There are many kinds of rape;

Stranger rape

This is committed by an unknown attacker. This accounts only for 25% of sexual assaults. Believe it or not, most rape crimes are committed by people who know their victims.

Acquaintance rape

We hear about a father that raped his daughter, a man who raped his sister-in-law, an uncle that pinned down his niece and had his way with her, a headmaster that has been sexually abusing his students…people you expect to shine the light in the path of these women are the wolves that tear them apart. Acquaintance rape accounts for 75% of sexual assault cases. Because of the personal association to the perpetrator, the survivor may not really term what has happened as rape, but it is.

Rape in marriages and relationships

This is the hardest form of rape to determine because sex in this institution is considered a necessity. It is a conjugal right. Women being raped in marriages find it difficult to talk about it out in the open. In fact, most do not even know that they are being raped. As long as consent is not given and sexual contact takes place, then that is rape, even in marriage.

Coercion is mostly used here, where emotional manipulation is used to persuade the wife or girlfriend to have sex even if they do not want to. Statements such as “If you love me you will have sex with me”, “If you don’t have sex with me I will find someone who will.”, and “I’m not sure I can be with someone who doesn’t want to have sex with me” are used to coerce the victims into having sex. Being coerced into having sex or performing sexual acts is not consenting to having sex and is considered to be sexual assault.

So what is the way forward to eradicate rape in Kenya?

Let us start by quashing the teachings we give our young boys and men that they are superior and that women are the weaker sex. Boys grow up believe that they can dominate and that they have all the power to do as they please, and a woman’s work is only to follow and do as he wishes. Preach and teach equality instead. Teach about care and love and that women are not dolls or puppets to be played with.

Secondly, laws on sexual offences should be tightened. It saddens me when I hear that a sexual offender was let out on bond, or that he was left to go due to lack of evidence when the survivor still cannot walk well because of the ordeal. It pains even more when the perpetrator is not arrested at all because he can pay his way out of the hands of the cops, or when the members of society hide his sins for him. Stop! Speak out and help to convict these ambassadors of the devil. I see that cousin of mine every time I go home and tears well up in my eyes. More than fifteen years later, the wound is still as fresh as if it happened yesterday. And the worst part is that he is not even a tad apologetic for it. I have been trying to make peace with it, letting karma get the best of him.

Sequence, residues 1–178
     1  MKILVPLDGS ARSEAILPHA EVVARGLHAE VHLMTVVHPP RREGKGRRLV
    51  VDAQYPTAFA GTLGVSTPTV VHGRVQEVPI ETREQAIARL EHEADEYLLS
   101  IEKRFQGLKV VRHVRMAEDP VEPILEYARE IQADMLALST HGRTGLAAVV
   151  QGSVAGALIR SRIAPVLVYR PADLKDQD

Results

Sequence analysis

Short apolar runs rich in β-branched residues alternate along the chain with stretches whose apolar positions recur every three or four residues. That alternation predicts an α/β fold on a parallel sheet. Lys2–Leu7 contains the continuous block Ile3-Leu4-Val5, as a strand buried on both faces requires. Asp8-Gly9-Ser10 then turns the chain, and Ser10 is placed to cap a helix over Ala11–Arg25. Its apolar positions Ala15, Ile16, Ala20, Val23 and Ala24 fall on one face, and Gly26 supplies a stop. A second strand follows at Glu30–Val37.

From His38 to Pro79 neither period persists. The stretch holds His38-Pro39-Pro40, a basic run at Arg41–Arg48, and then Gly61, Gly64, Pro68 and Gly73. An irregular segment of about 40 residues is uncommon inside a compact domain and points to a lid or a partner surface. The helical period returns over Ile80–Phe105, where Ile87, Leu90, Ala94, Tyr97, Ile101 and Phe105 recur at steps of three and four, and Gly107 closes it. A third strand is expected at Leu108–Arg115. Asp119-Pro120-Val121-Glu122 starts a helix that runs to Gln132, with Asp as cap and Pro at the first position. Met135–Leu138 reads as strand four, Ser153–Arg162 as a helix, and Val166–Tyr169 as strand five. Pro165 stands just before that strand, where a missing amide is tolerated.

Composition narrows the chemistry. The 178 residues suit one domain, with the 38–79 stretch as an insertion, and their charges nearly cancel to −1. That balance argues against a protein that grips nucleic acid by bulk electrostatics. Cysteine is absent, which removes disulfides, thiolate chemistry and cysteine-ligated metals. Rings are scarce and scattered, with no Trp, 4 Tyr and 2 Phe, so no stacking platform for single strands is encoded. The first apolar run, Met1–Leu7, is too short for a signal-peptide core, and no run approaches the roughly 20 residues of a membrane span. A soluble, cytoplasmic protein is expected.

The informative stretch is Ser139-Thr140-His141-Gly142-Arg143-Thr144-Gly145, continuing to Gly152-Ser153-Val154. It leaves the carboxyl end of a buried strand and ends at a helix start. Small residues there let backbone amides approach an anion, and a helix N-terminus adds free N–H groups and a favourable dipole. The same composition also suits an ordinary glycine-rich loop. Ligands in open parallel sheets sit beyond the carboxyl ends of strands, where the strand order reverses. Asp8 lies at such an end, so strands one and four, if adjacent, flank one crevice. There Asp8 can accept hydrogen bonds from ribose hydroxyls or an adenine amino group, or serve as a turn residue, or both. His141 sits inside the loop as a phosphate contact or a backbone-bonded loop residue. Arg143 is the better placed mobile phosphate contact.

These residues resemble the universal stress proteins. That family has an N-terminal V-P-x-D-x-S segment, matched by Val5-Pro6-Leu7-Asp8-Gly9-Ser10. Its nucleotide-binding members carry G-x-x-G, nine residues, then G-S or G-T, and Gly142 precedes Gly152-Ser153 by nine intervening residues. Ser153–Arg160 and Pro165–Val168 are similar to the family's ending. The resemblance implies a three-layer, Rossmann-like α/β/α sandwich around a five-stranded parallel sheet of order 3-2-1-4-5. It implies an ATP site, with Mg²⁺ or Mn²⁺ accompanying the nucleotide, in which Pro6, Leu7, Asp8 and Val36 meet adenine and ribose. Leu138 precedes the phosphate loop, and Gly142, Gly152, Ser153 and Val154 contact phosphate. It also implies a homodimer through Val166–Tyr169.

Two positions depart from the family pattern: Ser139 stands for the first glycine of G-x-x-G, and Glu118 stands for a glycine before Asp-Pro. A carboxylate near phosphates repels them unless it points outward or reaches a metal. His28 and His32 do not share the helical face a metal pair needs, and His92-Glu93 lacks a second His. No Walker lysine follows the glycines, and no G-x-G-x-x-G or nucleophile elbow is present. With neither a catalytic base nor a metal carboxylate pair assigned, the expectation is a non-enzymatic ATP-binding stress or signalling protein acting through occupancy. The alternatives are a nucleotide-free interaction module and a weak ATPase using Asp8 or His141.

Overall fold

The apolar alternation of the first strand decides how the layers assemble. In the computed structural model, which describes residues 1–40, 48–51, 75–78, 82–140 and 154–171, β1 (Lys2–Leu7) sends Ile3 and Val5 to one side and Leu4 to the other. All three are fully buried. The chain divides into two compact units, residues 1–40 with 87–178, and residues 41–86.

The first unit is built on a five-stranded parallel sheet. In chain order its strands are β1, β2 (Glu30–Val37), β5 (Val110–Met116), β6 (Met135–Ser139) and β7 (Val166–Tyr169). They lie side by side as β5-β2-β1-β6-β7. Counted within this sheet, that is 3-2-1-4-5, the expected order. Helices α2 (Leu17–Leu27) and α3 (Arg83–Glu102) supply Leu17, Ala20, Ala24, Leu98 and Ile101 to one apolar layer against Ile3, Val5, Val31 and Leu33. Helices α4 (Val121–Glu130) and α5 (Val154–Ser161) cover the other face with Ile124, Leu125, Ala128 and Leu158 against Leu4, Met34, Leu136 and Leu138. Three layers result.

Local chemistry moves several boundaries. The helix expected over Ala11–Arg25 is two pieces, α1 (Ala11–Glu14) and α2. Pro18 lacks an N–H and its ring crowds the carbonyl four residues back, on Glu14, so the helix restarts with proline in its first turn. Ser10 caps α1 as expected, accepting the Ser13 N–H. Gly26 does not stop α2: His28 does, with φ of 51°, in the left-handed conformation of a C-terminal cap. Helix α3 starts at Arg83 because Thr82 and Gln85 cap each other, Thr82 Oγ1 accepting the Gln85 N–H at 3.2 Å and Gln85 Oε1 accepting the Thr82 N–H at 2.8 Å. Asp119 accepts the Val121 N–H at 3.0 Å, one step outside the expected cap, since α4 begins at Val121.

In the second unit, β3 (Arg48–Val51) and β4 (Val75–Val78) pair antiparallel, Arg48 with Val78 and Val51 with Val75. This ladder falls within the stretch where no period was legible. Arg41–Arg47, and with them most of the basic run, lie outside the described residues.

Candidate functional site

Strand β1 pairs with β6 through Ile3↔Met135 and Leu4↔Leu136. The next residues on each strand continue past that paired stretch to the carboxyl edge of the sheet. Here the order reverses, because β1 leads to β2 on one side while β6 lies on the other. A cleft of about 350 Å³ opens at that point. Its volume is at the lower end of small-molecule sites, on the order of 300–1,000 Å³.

Third, and this is for my fellow women, stay alert and avoid compromising and dangerous situations. If you are just the office intern and your boss keeps asking you to work late with him when everyone else has gone home then tread very carefully. Be wary. He could genuinely be in need of your help, or he could terribly be in need of your females. Have weapons of your own, pepper spray for instance. Be good with your feet and arms. You could throw a good kick or punch and save yourself from being assaulted.

Let us stand up against rape and make our society a better place.

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1 comment

Esolio November 19, 2015 - 12:11 pm

Very informative..sad how people take advantage of the most vulnerable of people